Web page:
Langstone Junior were crowned champions of Portsmouth’s first-ever Beach Olympics.
The trophy was awarded to the school for their overall effort during the competition and for their investigative coursework into their chosen country, Russia.
The event took place on Southsea Common, which saw sports such as volleyball, tennis, and even extreme golf contested by nine of the city’s junior schools.
Schools sport co-ordinator and Havant RFC player Grant Morris, below, was delighted with the running of the day and how enthusiastic the kids were when it came to combining sport with learning.
‘I’m shattered but the day was an absolute triumph,’ he said.
‘Everyone’s projects were amazing and they worked really hard.’
During the presentations, judges were impressed by Langstone Junior’s passport of facts for their designated country.
These went alongside banners depicting the Russian flag, highlighting everyone’s involvement within the project.
Pupils from Wimborne Junior, St Judes, Northern Parade, Langstone Junior, Meon Junior, Medina Junior, Solent Junior, Stamshaw Junior and Highbury Junior all took part.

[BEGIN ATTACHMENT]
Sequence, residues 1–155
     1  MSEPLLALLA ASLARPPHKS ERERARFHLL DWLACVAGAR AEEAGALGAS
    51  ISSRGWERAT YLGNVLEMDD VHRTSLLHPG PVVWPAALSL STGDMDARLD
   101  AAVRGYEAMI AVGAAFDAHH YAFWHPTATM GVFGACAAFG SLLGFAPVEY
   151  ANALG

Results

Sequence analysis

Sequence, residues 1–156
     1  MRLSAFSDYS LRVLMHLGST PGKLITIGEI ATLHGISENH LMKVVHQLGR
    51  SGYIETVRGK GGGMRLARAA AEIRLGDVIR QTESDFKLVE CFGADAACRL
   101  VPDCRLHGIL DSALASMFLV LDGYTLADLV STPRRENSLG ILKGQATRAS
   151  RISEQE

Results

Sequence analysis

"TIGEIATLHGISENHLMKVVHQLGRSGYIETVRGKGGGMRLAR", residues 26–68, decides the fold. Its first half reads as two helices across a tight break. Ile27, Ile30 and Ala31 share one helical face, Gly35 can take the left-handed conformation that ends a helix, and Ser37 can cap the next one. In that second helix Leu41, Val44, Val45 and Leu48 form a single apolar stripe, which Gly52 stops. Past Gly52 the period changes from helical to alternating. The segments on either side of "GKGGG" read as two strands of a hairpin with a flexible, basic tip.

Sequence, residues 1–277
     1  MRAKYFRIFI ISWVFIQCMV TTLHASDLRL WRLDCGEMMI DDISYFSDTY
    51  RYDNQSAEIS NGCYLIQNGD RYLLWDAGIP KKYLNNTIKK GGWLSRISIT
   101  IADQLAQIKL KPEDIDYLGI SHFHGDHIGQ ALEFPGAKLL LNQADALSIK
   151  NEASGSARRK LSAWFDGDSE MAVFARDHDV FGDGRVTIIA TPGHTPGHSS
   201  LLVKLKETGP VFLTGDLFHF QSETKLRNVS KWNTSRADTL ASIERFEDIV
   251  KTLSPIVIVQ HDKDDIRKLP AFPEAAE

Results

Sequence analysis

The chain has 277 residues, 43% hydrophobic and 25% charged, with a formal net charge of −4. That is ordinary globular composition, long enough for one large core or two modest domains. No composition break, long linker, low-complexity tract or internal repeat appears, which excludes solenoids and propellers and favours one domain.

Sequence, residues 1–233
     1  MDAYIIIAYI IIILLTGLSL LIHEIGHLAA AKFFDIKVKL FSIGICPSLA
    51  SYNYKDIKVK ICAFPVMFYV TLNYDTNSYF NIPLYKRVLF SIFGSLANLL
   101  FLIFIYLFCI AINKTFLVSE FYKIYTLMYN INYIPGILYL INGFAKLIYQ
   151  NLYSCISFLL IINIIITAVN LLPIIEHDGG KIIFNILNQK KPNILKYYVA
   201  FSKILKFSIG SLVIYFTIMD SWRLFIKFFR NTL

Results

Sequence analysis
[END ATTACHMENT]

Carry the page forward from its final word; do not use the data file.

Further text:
Thirty pupils from each school’s year-five age group were selected to represent their school and a nation.
Weeks before the competition, pupils had to investigate their country’s culture, national anthem, population and the national sport.
The school then had to create five of their own questions to answer.
One of the day’s events was entirely managed by secondary school pupils training for their junior leaders’ award – a number of year 10 pupils volunteering from the City of Portsmouth Boys’ School.
The event used a number of small games to encourage teamwork, including the human knot, a hula hoop game and the under-and-over game.
Pupil Craig Willis was one of 20 volunteering.
He said: ‘Our event was about team building, activities to help build teamwork and to improve communication, which they had to do to succeed in the game.
‘It went quite smoothly and the day went along nicely.’
Morris couldn’t praise the boys’ efforts enough.
He said: ‘They were absolutely outstanding – a credit to the school and a credit to the city.
‘I didn’t hear one single complaint from any of the external agencies or anyone else.
‘Some are the type of boys who can sometimes get distracted in school but don’t receive the credit when they do deserve it.
‘I’m absolutely chuffed to bits with what they’ve done.’
Portsmouth Volleyball Club, Southsea Tennis Club and the Portsmouth School Sport Partnership also took responsibility for administering events, with volleyball proving to be one of the day’s most popular activities.
Morris said: ‘I’ve heard volleyball went down well and was really well received.
‘It’s something different, playing on sand, something seen on television but not necessarily done before.’